- Adult-Gerontology Nurse Practitioner – it is a registered nurse who has completed additional education and training in adult and geriatric care. They provide comprehensive care to patients over the age of 21.
- Psychiatric Mental Health Nurse Practitioner – it is a registered nurse who has completed additional education and training in psychiatric care. They provide comprehensive care to patients with mental health conditions.
- Certified Registered Nurse Anesthetist – it is a registered nurse who has completed additional education and training in anesthesia. Nurse anesthetists provide comprehensive care to patients before, during, and after surgery.
- Certified Nurse Midwife – it is a registered nurse who has completed additional education and training in midwifery. They provide comprehensive care to women during pregnancy, labor, and delivery.
- Emergency Nurse Practitioner – it is a registered nurse who has completed additional education and training in emergency care. They provide comprehensive care to patients in the emergency room setting.
How to Become a Nurse Practitioner?
If you’re wondering how to become a registered nurse, you need to start by getting the right education and experience. The steps below will help you understand what it takes to make the transition. Let’s take a closer look at each of these steps.
Step 1: Earn a Bachelor’s Degree (Master’s Degree, Doctorate)
A bachelor’s degree in nursing is essential before pursuing a career as a nurse practitioner. After earning an associate’s degree program or certificate in nursing, students can complete their bachelor’s degree (BSN – Bachelor of Science in Nursing) at a four-year college or university. While there are some entry-level nurse practitioner positions that only require an advanced nursing certificate with experience, the majority of advanced practice registered nurse positions require a master’s (MSN – Master of Science in Nursing) or doctoral degree (DNP – Doctor of Nursing Practice).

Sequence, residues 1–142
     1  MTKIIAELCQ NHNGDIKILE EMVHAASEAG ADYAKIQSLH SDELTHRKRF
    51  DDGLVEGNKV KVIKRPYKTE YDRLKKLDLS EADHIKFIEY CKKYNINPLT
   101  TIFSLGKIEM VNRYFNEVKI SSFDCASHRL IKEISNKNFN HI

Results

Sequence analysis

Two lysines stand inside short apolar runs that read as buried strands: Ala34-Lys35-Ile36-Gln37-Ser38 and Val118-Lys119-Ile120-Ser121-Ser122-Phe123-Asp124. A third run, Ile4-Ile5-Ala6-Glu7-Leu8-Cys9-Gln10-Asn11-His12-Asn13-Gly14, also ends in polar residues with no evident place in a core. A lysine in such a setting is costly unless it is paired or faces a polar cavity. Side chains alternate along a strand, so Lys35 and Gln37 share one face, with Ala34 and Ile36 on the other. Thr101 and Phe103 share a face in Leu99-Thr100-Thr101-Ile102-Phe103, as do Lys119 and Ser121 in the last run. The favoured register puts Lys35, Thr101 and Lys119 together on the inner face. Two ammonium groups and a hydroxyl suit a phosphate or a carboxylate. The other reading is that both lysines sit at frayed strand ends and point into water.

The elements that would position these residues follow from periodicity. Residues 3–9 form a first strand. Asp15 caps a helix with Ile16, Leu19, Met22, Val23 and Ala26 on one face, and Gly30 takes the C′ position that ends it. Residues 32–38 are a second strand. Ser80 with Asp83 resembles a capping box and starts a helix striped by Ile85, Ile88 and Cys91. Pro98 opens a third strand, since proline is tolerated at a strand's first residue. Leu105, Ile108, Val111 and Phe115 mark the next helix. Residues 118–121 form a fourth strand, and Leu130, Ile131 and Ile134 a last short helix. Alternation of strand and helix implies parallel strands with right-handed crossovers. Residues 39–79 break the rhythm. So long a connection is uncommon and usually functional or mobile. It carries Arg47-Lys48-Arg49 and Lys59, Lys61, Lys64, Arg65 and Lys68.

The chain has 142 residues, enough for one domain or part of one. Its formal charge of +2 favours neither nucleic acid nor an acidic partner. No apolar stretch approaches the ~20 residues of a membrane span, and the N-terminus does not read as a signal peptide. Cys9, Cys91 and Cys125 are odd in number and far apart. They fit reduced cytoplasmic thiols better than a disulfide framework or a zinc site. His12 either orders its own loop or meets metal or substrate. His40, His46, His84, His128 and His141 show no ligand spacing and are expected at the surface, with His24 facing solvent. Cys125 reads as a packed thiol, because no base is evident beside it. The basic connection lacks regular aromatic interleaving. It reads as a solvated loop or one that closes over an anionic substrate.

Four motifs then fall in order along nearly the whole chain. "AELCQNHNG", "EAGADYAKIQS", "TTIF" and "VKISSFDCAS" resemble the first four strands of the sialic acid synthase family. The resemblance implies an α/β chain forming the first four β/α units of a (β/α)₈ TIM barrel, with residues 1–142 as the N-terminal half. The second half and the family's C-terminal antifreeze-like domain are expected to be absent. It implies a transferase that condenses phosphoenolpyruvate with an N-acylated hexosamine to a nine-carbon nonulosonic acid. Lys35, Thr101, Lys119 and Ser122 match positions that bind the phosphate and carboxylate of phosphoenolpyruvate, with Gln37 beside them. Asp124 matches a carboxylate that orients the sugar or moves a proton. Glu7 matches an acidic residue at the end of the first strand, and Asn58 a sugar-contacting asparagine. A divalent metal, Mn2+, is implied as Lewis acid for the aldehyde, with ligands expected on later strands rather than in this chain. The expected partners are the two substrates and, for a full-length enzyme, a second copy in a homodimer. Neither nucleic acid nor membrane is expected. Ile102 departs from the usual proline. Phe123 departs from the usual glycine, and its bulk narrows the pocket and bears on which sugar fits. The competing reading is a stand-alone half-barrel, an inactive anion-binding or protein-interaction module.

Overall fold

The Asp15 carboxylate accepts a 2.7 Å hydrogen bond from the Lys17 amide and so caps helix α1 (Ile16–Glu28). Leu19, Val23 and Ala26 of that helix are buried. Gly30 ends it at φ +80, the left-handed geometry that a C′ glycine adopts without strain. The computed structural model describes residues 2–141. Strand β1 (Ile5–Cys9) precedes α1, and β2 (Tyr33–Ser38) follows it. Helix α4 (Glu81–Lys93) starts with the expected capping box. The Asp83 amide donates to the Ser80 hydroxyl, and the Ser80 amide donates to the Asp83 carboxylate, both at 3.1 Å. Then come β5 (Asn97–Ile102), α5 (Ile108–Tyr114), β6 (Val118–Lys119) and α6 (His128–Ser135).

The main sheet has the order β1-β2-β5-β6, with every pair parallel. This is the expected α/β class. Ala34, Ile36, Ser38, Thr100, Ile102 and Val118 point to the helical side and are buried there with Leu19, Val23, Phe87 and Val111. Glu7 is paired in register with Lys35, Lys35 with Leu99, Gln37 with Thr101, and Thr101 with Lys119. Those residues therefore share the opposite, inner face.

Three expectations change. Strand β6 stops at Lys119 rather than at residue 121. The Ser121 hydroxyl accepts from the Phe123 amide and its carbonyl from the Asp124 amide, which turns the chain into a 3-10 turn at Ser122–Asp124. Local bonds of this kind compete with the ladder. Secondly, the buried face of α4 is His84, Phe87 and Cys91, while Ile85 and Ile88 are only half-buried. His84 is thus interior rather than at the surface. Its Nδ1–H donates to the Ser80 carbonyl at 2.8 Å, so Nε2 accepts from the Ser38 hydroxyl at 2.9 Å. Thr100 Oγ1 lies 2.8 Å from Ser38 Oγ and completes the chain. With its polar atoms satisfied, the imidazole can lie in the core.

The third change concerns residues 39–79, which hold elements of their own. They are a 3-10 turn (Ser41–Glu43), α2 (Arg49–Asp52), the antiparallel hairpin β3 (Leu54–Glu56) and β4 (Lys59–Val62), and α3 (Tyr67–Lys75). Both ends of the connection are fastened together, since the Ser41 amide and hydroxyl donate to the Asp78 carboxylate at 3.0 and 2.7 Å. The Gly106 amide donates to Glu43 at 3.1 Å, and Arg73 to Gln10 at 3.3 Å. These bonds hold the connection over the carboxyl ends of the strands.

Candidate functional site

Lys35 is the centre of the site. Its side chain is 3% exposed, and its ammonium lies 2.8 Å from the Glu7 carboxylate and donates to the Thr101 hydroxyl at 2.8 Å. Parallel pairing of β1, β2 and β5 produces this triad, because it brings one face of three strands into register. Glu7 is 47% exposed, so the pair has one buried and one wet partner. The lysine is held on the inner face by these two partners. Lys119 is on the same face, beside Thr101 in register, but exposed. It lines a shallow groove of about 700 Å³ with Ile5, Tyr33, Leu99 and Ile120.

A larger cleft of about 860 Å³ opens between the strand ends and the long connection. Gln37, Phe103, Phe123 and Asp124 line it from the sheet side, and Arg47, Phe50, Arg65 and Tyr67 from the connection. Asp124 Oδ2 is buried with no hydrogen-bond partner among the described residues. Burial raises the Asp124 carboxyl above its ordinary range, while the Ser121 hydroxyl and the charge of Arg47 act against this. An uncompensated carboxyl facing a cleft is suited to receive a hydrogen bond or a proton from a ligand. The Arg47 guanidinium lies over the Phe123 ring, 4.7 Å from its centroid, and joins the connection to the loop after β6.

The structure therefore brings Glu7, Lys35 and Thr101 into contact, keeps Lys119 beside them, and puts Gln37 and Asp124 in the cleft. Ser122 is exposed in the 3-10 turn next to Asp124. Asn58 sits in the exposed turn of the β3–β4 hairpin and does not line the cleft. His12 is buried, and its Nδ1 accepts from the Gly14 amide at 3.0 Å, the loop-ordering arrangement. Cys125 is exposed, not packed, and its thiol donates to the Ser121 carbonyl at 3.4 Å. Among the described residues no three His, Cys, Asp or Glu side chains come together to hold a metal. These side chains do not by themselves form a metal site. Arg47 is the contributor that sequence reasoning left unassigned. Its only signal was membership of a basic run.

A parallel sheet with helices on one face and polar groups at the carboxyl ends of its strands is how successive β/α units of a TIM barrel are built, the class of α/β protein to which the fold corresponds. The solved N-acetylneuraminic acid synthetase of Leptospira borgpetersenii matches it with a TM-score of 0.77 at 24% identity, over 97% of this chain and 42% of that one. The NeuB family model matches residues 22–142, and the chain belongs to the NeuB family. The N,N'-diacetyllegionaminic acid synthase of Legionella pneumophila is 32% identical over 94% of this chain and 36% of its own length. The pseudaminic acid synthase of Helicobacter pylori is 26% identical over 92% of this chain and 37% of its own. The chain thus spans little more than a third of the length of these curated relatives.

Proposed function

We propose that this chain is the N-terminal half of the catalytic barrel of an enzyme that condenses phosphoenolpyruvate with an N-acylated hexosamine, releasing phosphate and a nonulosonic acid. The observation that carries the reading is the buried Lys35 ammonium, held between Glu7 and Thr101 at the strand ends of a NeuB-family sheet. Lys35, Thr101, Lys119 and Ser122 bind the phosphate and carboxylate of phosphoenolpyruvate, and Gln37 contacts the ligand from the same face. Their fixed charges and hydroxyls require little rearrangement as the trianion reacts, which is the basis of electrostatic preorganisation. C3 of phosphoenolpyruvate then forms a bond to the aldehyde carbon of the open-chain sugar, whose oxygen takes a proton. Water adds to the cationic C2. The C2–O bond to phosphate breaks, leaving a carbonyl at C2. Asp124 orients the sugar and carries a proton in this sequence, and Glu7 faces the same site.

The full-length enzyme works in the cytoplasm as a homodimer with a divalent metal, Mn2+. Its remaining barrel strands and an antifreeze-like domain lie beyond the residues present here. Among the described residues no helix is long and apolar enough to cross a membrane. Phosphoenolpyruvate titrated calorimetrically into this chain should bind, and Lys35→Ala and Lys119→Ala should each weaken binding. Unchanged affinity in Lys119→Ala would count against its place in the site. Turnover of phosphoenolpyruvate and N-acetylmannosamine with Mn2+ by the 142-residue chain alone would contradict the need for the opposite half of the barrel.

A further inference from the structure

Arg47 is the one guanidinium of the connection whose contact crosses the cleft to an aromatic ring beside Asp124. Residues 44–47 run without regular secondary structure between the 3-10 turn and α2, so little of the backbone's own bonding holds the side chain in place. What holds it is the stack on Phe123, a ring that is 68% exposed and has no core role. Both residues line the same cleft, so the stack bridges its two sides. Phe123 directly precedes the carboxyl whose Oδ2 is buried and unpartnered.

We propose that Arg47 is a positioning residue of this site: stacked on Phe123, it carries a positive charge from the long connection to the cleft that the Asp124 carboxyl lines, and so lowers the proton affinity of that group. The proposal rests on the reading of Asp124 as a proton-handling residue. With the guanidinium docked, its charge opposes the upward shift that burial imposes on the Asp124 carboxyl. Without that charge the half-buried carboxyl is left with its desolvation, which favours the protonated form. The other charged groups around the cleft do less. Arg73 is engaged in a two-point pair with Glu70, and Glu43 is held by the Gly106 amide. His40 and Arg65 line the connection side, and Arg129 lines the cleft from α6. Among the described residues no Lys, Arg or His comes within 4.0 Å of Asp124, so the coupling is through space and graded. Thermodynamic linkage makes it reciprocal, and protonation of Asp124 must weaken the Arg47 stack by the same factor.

Step 2: Get Licensed as a Registered Nurse (RN)
All aspiring nurse practitioners must first earn an RN license and gain the requisite clinical experience. RNs are responsible for providing care to patients and working closely with other health care professionals to ensure patients receive optimal treatment. Prior to gaining licensure, individuals must pass the NCLEX-RN exam.
Step 3: Pass Your National Certification Exam
After completing your graduate education, you will be required to pass your national certification exam before practicing as a nurse practitioner. The American Academy of Nurse Practitioners Certification Board (AANPCB) offers certification exams for certified family nurse practitioners (FNP-C), certified adult gerontology nurse practitioners (AGNP-C), and certified pediatric nurse practitioners (PNP-C).
Salary for NPs
Nurse practitioners (NPs) are among the highest-paid professionals in the nursing field. In fact, the median annual salary for NPs is $123,780, according to the U.S. Bureau of Labor Statistics (BLS).
What does a nurse practitioner do? Now you know that the role of a nurse practitioner is crucial for every healthcare system. If you think this career is good for you, be sure to check the website of the American Association of Nurse Practitioners for more information. Thanks for reading!